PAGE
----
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Falsche Welt, dir trau ich nicht , BWV 52

Composer: Bach Johann Sebastian

Instruments: Voice Soprano Mixed chorus Orchestra

Tags: Sacred cantatas Cantatas Religious music

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Aria: 'Immerhin, immerhin, wenn ich gleich verstoßen bin' (No.3). Organ + Trumpet (Rondeau, Michel)Aria: 'Immerhin, immerhin, wenn ich gleich verstoßen bin' (No.3). String quartet (Peter Lange-Müller)Aria: 'Ich halt es mit dem lieben Gott' (No.5). Oboe(2) + String instrument (Peter Lange-Müller)
Wikipedia
Johann Sebastian Bach composed the church cantata Falsche Welt, dir trau ich nicht (False world, I trust you not), BWV 52, in Leipzig for the 23rd Sunday after Trinity. He led the first performance of the solo cantata for soprano on 24 November 1726.
Bach composed the cantata, a solo cantata for a soprano, in 1726 in Leipzig for the 23rd Sunday after Trinity. The prescribed readings for the Sunday were from the Epistle to the Philippians, "our conversation is in heaven" (Philippians 3:17–21), and from the Gospel of Matthew, the question about paying taxes, answered by "Render unto Caesar..." (Matthew 22:15–22). The unknown poet takes from the gospel the idea that the world is false and that man should concentrate on God. He refers to the murder of Abner by Joab, described in 2 Samuel 3:27, as an example for the world's falseness. The closing chorale is the first verse of Adam Reusner's "In dich hab ich gehoffet, Herr" (1533). The beginning line is the last idea of the "Te Deum". Bach used verse 4 of the chorale, "Mir hat die Welt trüglich gericht't", in his St Matthew Passion.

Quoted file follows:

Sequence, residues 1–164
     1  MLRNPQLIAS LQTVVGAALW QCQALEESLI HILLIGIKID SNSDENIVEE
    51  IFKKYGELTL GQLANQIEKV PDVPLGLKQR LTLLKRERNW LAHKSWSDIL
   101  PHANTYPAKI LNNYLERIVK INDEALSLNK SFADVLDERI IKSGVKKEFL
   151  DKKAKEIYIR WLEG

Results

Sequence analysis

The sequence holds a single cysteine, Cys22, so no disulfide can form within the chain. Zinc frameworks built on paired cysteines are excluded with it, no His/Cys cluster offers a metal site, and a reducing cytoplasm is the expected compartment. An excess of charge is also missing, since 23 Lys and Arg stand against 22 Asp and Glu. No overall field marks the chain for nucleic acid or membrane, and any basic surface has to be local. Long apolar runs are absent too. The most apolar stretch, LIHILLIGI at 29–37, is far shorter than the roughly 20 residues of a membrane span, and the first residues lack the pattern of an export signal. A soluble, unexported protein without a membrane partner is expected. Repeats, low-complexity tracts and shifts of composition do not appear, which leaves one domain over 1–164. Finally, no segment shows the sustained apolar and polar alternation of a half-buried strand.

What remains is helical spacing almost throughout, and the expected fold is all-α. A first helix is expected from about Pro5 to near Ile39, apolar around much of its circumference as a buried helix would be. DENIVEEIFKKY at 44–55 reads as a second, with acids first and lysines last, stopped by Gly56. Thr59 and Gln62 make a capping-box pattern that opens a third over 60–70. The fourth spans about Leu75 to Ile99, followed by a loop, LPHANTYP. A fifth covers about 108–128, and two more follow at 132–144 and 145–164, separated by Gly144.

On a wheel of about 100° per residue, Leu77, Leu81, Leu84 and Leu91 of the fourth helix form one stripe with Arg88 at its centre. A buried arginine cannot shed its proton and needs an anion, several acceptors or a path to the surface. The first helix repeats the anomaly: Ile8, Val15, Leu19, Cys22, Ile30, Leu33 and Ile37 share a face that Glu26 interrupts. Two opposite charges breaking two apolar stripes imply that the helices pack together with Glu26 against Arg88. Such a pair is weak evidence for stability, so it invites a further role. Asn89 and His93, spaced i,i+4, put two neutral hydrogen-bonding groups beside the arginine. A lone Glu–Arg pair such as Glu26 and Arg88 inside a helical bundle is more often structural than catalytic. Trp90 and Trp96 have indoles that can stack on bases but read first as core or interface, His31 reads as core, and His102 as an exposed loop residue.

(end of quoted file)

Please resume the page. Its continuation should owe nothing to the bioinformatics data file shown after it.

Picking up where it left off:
Bach first performed the cantata on 24 November 1726.
Bach structured the cantata in six movements and scored it for a soprano soloist, a four-part choir (only for the final chorale), and a Baroque instrumental ensemble of two horns, three oboes, bassoon, two violins, viola, and basso continuo.
The cantata is set for just one singer, but the instrumentation is rich. Similar to other cantatas of the later Leipzig period, Bach used an instrumental movement from an earlier period as a sinfonia, in this case the music best known as the opening of the first Brandenburg Concerto. This version of the concerto, dominated by horns and oboes, is similar to the sinfonia BWV 1046a (without a violino piccolo and assumed to be an early version of the Brandenburg Concerto).
In the first aria the soprano is accompanied by two violins, in the second aria of dance character, by three oboes.
The two horns of the sinfonia return in the closing chorale, horn 1 supporting the soprano, horn 2 playing a fifth part.